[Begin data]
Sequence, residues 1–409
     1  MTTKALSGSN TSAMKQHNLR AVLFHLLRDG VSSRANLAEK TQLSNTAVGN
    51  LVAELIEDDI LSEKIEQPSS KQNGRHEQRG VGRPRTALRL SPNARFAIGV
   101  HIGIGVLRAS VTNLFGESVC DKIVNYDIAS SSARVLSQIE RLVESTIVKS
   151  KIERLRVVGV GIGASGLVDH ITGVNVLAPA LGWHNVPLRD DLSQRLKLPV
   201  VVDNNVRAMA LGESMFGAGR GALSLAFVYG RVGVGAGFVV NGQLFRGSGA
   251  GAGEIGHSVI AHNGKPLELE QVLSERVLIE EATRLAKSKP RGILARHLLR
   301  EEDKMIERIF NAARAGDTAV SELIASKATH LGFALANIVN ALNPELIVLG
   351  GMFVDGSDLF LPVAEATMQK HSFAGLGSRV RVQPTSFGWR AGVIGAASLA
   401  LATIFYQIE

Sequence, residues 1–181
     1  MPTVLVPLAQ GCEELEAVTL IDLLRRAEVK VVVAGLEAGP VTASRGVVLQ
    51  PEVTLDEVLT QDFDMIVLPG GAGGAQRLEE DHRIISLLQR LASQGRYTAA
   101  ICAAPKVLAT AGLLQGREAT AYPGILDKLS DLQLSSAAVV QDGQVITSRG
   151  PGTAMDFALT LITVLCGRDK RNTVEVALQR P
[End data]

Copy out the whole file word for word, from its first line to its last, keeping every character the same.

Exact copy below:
Sequence, residues 1–409
     1  MTTKALSGSN TSAMKQHNLR AVLFHLLRDG VSSRANLAEK TQLSNTAVGN
    51  LVAELIEDDI LSEKIEQPSS KQNGRHEQRG VGRPRTALRL SPNARFAIGV
   101  HIGIGVLRAS VTNLFGESVC DKIVNYDIAS SSARVLSQIE RLVESTIVKS
   151  KIERLRVVGV GIGASGLVDH ITGVNVLAPA LGWHNVPLRD DLSQRLKLPV
   201  VVDNNVRAMA LGESMFGAGR GALSLAFVYG RVGVGAGFVV NGQLFRGSGA
   251  GAGEIGHSVI AHNGKPLELE QVLSERVLIE EATRLAKSKP RGILARHLLR
   301  EEDKMIERIF NAARAGDTAV SELIASKATH LGFALANIVN ALNPELIVLG
   351  GMFVDGSDLF LPVAEATMQK HSFAGLGSRV RVQPTSFGWR AGVIGAASLA
   401  LATIFYQIE

Sequence, residues 1–181
     1  MPTVLVPLAQ GCEELEAVTL IDLLRRAEVK VVVAGLEAGP VTASRGVVLQ
    51  PEVTLDEVLT QDFDMIVLPG GAGGAQRLEE DHRIISLLQR LASQGRYTAA
   101  ICAAPKVLAT AGLLQGREAT AYPGILDKLS DLQLSSAAVV QDGQVITSRG
   151  PGTAMDFALT LITVLCGRDK RNTVEVALQR P